The movie’s satirical tone is so out-of-left-field and its characters and set-pieces so ridiculous that the movie fails to generate any narrative tension. Its gory violence quickly breaks exploitative territory. AR, for lack of a better term, feels like a gore porn-bloodfest. The film easily manages an R-rating, but the movie feels anything but mature. Its crude violence and over-the-top death-scenes lack impact because every violent encounter in this movie is shot as joke, a comedic punch line. And none of these jokes are funny! They’re stupid. Some particularly tiresome scenes include an instance where a character, General Perez (Dan Hedaya), gets bitten in the back of the head by an alien, and then Perez takes out part of his own brain and examines it. Another eye-roller is when a comical alien-human hybrid has its guts sucked out a tiny hole in a spaceship’s hull. My personal favorite moment is when Leland Orser, who has an alien inside him about to burst, beats the shit out of costar J.E. Freeman, and then place’s Freeman’s head over his chest so the alien can explode through his chest and Freeman’s head. Give me a break.
Matters aren’t helped by the lackluster cast and characterizations. Some of the performances are alright, and even quite good in some instances (e.g. Ron Perlman, Dominique Pinon, J.E. Freeman), but it’s hard to care much for their characters when their writing isn’t up to snuff and everything around them is a big, fat, bloody mess. This is in addition to clone-Ripley’s lackluster protagonist, mind you.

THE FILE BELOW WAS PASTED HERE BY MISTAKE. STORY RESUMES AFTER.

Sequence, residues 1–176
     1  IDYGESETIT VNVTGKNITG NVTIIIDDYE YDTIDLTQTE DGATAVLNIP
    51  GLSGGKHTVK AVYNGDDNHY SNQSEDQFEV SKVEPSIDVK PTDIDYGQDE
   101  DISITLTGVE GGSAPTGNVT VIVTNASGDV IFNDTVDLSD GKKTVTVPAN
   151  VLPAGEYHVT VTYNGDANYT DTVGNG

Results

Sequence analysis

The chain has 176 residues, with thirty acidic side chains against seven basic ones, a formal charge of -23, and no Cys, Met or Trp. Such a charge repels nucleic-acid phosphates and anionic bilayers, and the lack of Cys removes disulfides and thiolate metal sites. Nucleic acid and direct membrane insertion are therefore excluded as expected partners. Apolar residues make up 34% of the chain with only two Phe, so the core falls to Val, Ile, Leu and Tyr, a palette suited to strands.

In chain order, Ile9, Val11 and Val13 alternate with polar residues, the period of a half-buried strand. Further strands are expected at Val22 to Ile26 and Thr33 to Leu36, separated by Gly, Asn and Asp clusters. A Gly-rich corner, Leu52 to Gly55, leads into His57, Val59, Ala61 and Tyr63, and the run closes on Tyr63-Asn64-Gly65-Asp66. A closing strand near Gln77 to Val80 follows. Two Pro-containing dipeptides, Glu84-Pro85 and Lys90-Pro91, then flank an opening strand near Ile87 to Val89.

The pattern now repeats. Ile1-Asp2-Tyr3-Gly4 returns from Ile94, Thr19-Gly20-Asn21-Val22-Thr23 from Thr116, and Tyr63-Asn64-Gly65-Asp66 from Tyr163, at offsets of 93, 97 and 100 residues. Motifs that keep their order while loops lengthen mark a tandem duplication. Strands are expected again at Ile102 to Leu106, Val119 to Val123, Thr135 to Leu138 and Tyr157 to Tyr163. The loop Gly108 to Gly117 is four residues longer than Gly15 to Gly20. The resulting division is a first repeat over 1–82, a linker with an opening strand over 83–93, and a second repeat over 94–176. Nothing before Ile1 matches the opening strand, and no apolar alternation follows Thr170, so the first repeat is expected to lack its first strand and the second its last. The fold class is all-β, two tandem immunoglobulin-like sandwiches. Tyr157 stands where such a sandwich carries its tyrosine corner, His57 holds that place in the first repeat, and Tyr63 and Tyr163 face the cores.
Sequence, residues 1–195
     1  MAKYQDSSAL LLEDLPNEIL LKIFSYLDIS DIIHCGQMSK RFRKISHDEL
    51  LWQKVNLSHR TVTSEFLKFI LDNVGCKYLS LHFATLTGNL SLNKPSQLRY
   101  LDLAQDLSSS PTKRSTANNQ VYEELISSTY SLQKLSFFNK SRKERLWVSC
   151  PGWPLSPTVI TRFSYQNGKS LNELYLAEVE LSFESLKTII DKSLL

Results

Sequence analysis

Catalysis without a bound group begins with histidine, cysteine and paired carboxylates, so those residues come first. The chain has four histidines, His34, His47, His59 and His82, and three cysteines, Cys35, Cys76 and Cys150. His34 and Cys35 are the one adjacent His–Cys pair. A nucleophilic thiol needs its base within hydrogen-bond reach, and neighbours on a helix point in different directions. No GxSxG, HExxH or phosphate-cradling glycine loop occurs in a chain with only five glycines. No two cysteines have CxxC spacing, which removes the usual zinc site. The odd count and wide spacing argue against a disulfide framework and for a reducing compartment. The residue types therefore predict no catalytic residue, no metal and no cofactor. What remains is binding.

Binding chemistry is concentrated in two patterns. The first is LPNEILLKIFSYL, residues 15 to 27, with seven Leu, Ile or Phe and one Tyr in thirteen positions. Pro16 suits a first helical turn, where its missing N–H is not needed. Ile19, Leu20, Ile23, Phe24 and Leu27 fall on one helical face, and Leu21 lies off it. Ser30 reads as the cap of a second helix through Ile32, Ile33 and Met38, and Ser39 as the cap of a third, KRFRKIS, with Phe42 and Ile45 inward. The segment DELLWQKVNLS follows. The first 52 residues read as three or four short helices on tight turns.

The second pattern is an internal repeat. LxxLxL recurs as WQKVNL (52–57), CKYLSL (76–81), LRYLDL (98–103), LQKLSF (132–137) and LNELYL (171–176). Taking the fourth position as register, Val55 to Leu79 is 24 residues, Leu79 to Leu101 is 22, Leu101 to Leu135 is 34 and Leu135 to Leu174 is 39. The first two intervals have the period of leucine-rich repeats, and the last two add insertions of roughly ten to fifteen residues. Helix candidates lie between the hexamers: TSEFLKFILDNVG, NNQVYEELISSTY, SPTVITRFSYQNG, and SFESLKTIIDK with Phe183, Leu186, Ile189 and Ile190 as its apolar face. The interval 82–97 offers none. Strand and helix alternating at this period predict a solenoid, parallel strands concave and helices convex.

AR does have a few bright spots, admittedly. There’s a creative underwater sequence that showcases some neat camerawork and even feels reminiscent of Steven Spielberg’s Jaws (1975). Many of the environments’ architectural designs are well done and the film boasts decent production values, minus the poor alien-visual FX. The film is also well paced and never feels boring despite being altogether quite ridiculous.
Alien Resurrection is not a terrible movie despite how much I’ve ranted about its shortcomings. I don’t hate the film, and it certainly isn’t close to some of the worst films I’ve ever seen, but in all fairness, that’s all I can say in its favor. There’s not much to recommend here either to Alien fans or film fans in general. The fourth film in the Alien series is a weak black comedy-subversion of the franchise’s concepts, characters, and identity. I guess I should give props to Jeunet and company for trying to do something new with the source material, but I can’t convince myself to champion the final results.
SUMMARY & RECOMMENDATION: Alien Resurrection’s tonal confusion between its inherent franchise identity and its French director’s legacy turn this final chapter in the Alien saga into a bizarre mishmash of gore-porn, unsatisfying black comedy, and lazy art-direction. Ripley’s character has been exchanged for something that isn’t as satisfying. One cool behind-the-back basketball shot cannot make up for her character’s hallow, unappealing presence or utter lack of development on-screen.
— However… the film features some impressive production values and dedicated supporting performances, as well as a memorable underwater encounter.
—> NOT RECOMMENDED
? Let’s see how many times we can put the word “fuck” in one screenplay…